Benefits of Progressing to a BSN Degree
The Institute of Medicine’s report has a huge influence on the industry’s preference for BSN-educated nurses. The Institute recommends that 80 percent of practicing registered nurses should have a BSN degree by 2020. In light of the recommendation, employers have been hiring nurses with a baccalaureate degree, making it harder for nurses with an associate’s degree to find a job. Working nurses may be given a timeframe to upgrade their credentials to maintain employment. The rising tide of RN-BSN (ADN-BSN) degree programs at colleges and universities is a direct consequence of nurses needing advanced education. With more BSN graduates than ever before, it’s a buyer’s market for employers. RNs should pursue the highly skilled BSN degree to stay relevant and keep up with employer demands.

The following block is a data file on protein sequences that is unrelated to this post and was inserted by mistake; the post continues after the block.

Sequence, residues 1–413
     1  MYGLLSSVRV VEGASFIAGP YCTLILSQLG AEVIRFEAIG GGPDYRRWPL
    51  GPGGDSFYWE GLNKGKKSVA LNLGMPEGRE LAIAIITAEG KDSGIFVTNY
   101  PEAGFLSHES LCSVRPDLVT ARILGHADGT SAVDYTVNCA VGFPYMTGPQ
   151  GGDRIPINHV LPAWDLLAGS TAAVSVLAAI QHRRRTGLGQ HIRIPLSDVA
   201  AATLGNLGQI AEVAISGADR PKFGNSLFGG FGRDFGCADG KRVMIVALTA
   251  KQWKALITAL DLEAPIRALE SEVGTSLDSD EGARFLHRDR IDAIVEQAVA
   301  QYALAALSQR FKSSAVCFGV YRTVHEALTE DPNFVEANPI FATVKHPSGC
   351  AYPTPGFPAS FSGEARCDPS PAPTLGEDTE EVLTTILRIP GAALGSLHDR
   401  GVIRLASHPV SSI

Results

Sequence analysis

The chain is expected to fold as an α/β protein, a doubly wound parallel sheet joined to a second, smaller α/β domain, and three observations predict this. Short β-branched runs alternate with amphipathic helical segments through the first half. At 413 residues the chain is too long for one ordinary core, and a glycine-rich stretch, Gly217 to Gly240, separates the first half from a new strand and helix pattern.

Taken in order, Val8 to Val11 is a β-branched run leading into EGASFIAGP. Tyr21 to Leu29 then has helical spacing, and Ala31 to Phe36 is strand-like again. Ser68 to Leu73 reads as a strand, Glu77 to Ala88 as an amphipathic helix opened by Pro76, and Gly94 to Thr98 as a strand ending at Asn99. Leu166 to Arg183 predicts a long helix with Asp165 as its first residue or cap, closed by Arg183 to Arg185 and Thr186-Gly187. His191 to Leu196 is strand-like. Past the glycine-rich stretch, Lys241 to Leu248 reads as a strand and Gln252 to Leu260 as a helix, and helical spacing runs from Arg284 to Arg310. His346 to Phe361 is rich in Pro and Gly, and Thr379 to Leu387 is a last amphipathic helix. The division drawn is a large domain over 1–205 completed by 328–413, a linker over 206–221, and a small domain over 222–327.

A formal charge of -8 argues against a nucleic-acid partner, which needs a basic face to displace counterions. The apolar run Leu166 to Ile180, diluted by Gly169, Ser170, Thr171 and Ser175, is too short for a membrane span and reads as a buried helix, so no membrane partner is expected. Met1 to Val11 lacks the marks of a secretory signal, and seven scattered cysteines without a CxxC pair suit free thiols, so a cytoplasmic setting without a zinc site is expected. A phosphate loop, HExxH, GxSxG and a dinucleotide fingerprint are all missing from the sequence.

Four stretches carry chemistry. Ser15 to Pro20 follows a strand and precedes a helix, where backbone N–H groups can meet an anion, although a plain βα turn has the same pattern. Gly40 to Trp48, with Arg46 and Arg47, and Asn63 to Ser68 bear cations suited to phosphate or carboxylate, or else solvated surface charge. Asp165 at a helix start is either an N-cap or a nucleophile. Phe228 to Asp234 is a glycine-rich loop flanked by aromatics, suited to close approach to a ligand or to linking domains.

The experience and education provided by the associate’s degree provide a solid foundation for the entry-level nurse. Upon that foundation, students will develop leadership, communication, and advanced practice skills. The newfound skills and insight that the training provides will help nurses establish a sense of pride in their accomplishments. Additionally, they’ll have the confidence to take an active role in the workplace operation and the development of policies and procedures that positively impact the lives of new nurses, patients, and support staff.
In the nursing sector, as with other industries, credibility is everything. Hospitals want to improve their credibility, so they seek Magnet status to differentiate themselves from competitors. Employers, in turn, want credible employees who are willing to go the distance to provide the best care and service in the workplace. Earning a BSN degree will expand your employment opportunities and almost guarantee your survival in the industry. Employers will recognize and reward your commitment to evidenced-based practice and advancing technology. Moreover, employers will have confidence in your ability to work in communities and other non-traditional environments where you will educate others on preventative care and wellness promotion.